New Telegraph

Minigrid to gulp $1.6bn in Nigeria, others

In a bid to scale up access to electricity in Nigeria and other African countries, mostly in the rural areas, a whopping $1.6 billion of concessional capital funding is needed to boost minigrid sector in Africa, the Africa Minigrid Developers Association (AMDA) has disclosed.

AMDA explained that in 2020, only 13 per cent ($208 million) of the $1.6 billion of concessional capital committed to the minigrid industry was disbursed to minigrid developers despite progress on all business metrics across the industry. In a report made available to New Telegraph from Nairobi, Kenyan, and signed by Catherine Njuguna, Global Director of Communication, Power for All for Africa Minigrid Developers Association, minigrids continue to outperform national and sub-national utilities on service metrics, including up-time, power quality, number of reliable connections and downstream job creation. According to the AMDA report, the sector is struggling to scale up and realise its potential to accelerate access to clean and affordable energy, particularly in rural areas, in a continent with nearly half its population, 600 million people, still lacking access to electricity.

The association explained in the report that it was calling for more support from governments and donors to the minigrid sector in Africa, which has shown strong resilience in the face of COVID-19, but continues to face financial, policy and regulatory constraints. AMDA said that financing of the sector remained slow due to the continued government bias toward the centralised grid. While talking on the launch of the second edition of ‘Benchmarking Africa’s Minigrids report,’ a flagship report for AMDA, an industry association created by minigrid developers to boost the health of the sector and deliver on global renewable energy access objectives, the report showed that the minigrid industry in Africa doubled the number of people it connected to modern and reliable electricity in the last two years amidst COVID-19.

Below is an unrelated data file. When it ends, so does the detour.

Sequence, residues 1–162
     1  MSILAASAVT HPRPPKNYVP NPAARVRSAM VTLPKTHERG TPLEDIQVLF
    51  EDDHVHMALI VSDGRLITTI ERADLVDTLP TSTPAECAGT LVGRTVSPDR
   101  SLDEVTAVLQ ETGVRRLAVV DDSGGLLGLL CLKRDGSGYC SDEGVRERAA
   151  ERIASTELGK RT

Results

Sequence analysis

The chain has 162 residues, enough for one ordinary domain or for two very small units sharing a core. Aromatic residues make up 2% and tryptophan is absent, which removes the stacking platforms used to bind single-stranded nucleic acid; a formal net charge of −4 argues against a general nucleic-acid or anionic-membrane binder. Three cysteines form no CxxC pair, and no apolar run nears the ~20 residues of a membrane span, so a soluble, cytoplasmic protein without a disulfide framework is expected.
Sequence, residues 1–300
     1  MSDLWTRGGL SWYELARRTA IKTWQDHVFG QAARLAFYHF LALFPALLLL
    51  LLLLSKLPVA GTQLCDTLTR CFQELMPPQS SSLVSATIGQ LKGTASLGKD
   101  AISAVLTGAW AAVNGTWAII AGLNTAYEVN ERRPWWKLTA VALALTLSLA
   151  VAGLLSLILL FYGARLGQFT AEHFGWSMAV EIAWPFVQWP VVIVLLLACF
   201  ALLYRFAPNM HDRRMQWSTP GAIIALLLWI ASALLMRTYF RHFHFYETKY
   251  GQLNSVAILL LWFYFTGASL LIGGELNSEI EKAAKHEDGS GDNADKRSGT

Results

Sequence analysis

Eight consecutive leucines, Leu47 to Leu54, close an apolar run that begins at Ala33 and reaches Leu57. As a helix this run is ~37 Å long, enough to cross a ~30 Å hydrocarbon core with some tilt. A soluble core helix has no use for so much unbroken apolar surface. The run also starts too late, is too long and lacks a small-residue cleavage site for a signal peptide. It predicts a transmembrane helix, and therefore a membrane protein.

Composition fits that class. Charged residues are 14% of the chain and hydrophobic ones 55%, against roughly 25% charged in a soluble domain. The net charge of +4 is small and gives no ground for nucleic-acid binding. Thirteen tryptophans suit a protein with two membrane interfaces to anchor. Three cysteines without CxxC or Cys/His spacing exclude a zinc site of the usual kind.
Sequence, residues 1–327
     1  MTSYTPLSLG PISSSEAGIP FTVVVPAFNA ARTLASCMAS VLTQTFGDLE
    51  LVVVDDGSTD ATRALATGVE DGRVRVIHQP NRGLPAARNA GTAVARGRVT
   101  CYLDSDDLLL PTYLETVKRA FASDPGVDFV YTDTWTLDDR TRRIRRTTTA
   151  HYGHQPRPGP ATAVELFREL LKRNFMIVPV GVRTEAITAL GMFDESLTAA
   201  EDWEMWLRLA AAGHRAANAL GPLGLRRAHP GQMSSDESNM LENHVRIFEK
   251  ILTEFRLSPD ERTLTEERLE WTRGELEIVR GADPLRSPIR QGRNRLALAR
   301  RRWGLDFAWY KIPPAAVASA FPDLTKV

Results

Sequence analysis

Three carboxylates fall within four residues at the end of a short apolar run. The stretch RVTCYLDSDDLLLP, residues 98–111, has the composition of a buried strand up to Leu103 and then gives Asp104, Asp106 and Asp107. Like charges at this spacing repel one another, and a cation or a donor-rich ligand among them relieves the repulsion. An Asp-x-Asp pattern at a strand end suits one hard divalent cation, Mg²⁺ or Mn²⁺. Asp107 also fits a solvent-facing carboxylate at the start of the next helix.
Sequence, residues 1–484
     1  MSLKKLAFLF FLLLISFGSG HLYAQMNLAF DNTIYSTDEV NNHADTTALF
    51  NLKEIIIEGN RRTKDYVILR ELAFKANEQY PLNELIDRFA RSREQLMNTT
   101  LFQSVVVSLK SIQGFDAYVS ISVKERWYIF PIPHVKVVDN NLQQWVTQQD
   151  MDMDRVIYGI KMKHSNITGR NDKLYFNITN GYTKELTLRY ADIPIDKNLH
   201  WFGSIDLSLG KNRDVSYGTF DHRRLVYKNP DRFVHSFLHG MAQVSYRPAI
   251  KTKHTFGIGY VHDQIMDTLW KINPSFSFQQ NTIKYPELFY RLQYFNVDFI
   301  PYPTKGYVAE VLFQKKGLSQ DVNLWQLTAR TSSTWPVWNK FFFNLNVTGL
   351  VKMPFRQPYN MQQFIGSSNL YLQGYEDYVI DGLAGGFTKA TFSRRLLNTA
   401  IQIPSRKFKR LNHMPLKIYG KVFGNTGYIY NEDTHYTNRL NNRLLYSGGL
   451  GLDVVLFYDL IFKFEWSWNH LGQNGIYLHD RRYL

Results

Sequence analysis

It stated: “Today, more than 500,000 people, healthcare facilities, schools and businesses in sub-Saharan Africa are now accessing stable electricity, thanks to minigrids.” Chief Executive Officer at Africa Mini-grid Developers Association (AMDA), Jessica Stephens, explained: “We have an opportunity to build dynamic, intelligent and renewable energy infrastructure that helps grow communities and economies. “Energy is the foundation for all of the SDG’s and as such needs the kind of support from governments and donors that traditional utilities have received. This is critical for the sector to realise this potential and provide stable renewable energy infrastructure to hundreds millions of people.” The report presents an indepth analysis of changes that occurred in the industry in 2020 and 2021, including the impacts of COVID-19 and uncovers emerging opportunities for achieving immediate scale and long-term sustainability. According to AMDA’s report, key sector findings show the number of connections almost doubled from 40,700 connections to more than 78,000.

The number of operational private sector minigrids grew by 39 per cent, from 288 sites in 2019 to 400 in 2021. AMDA further stated in the report that, revenues grew consistently as operational costs dropped, indicating that the industry is approaching financial viability. The Average Revenue Per User (ARPU), a key metric of industry sustainability and business success, was $8.30 per month for sites commissioned before 2019, up from $4.29 in the previous AMDA report.

On the policy and regulations, it said licensing remained a substantial hurdle with projects often taking more than a year for approval due to complex regulatory frameworks. “There is an urgent need to create a regulatory structure that reflects the decentralized nature of minigrids, that allows for bundling sites and bulk licensing of portfolios,” it noted.

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